The Image Quality Professor

Hi Edward,

I was referring to the shadow slider in the Levels Tool. I use it to ensure that I have a full histogram in the final image so my blacks are really black. I typically set the shadown slider to 3-4.

All the best,

Thanks Nils for the – as usual – well written explanation. One thought: wouldn’t it be good to also allow a warning as soon as one of the individual color channels is clipped? I made the experience, that the color shift caused by one channel beeing saturated is sometimes hard to see. Or is there already a way to do so?
regards, Christoph

The Image Quality Professor

Hi Christoph,

Turn on the exposure warning icon to see any pixels, where one of the three colors are exceeding the threshold level in the Exposure Warning Preferences. If the exposure warning is not in your tool bar, you can customize it by right-clicking the tool bar on both Mac and PC.
The HDR Tool can be used to bring highlight clipped clors back by using values typically from 10-25 with the highlight slider.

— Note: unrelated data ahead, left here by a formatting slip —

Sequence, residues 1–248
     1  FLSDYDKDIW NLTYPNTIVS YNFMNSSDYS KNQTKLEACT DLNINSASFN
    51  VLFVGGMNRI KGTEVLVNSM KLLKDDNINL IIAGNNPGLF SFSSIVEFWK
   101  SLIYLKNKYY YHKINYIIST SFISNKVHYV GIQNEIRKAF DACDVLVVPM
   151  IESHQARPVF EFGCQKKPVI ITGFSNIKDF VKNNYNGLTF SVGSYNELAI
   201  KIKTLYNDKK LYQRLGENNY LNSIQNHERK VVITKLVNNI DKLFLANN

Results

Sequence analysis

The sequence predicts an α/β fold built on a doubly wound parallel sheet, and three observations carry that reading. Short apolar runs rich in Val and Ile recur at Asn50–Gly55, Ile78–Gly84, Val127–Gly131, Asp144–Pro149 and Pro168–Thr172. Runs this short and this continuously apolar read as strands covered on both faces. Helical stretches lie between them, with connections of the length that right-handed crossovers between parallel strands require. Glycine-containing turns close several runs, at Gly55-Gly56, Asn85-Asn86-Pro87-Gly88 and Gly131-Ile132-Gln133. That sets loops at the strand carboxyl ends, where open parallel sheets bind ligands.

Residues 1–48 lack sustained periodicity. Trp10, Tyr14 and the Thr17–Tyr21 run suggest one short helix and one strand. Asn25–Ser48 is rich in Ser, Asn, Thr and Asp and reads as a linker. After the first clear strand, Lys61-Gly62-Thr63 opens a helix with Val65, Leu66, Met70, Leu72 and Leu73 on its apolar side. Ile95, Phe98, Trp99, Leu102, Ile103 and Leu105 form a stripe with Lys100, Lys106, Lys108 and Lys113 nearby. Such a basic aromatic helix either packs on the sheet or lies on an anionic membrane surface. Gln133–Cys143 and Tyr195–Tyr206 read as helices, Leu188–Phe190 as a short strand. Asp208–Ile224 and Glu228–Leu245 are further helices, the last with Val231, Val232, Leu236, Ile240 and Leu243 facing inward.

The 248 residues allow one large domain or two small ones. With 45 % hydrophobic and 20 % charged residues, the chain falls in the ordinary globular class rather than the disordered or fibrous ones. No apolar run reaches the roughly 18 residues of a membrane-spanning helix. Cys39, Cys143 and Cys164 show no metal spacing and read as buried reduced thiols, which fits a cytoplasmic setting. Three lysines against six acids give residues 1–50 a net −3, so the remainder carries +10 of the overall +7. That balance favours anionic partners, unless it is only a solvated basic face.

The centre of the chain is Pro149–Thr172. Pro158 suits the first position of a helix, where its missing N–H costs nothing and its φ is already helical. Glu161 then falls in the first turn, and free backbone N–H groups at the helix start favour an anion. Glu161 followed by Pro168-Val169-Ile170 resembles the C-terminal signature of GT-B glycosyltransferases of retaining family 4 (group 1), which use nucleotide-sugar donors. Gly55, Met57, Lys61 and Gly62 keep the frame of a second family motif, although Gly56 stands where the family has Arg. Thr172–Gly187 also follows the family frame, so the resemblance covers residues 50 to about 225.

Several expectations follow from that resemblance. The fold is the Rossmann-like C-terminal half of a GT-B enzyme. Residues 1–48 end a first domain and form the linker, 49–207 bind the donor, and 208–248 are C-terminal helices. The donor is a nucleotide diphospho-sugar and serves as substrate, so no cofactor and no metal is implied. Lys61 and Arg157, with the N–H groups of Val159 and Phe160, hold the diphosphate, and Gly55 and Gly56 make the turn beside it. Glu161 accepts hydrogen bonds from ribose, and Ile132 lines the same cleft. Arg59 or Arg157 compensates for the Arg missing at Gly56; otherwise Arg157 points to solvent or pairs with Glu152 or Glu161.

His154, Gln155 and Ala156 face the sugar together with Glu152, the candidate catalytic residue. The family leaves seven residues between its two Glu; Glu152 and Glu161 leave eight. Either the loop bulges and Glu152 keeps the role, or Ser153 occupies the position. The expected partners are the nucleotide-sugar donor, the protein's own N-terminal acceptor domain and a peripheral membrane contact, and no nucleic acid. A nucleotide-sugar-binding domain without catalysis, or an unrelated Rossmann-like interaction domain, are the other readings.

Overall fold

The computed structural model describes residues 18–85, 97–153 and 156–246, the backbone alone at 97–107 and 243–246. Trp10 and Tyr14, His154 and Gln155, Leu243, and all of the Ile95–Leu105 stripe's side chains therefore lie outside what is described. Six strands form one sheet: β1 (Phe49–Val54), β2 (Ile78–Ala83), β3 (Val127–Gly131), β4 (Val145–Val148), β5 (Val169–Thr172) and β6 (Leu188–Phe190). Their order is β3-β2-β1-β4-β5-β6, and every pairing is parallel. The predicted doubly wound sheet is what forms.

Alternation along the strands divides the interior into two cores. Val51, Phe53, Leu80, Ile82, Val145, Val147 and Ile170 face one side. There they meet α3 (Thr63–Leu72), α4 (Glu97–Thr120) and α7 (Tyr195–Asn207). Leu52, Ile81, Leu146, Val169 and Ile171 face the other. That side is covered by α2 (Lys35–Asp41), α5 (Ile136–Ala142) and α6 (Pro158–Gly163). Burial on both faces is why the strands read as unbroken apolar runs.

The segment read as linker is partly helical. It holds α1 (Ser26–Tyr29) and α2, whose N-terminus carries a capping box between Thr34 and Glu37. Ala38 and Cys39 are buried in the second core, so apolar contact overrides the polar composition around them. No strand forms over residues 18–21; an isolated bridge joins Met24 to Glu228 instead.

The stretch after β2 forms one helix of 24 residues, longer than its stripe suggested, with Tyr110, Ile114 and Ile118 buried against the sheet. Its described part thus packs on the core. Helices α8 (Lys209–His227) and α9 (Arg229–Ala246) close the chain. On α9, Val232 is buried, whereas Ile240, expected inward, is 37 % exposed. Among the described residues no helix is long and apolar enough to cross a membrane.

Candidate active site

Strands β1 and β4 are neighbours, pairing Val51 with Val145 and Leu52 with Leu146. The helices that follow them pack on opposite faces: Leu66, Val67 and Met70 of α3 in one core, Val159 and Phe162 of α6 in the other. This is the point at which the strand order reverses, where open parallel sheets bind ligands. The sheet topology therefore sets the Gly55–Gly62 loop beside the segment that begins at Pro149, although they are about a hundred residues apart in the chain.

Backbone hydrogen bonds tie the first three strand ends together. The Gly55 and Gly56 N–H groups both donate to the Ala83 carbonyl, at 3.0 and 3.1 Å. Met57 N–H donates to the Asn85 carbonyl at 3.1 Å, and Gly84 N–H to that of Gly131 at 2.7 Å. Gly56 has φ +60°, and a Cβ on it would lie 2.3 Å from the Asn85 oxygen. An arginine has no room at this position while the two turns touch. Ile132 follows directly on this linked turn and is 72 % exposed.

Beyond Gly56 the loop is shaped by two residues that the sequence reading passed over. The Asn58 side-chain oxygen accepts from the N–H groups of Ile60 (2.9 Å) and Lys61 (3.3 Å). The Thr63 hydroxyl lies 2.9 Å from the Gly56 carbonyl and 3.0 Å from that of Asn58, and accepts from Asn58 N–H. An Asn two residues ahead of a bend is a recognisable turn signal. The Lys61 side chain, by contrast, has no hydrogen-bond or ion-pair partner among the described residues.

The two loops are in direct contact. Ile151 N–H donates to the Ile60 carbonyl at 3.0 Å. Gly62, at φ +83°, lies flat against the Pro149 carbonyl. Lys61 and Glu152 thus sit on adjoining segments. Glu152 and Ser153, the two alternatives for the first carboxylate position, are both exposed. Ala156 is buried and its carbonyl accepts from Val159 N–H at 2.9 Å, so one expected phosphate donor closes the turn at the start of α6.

All the best,

All the best,

Rex Decker

I have only been experimenting with Capture One for a few days, but I seem to have a problem discovering how to darken shadows and how to blacken blacks and whiten whites. My Shadows slider starts at zero and only moves in the direction of lightening shadows it seems. I tried a 30-day free trail of Lightroom before starting the C1 trial and had become used to being able to darken shadows and blacks independent of each other, not only lighten them. And the same for whites vs highlights. How is this done in C1?

David Grover

Hey Rex,

Pretty simple with the Levels tool.

Just drag the input slider (the bottom one) to the right. Or you could use the lightness slider in the Color Balance tool.

The HDR tool is purely for opening up the shadows and recovering highlights.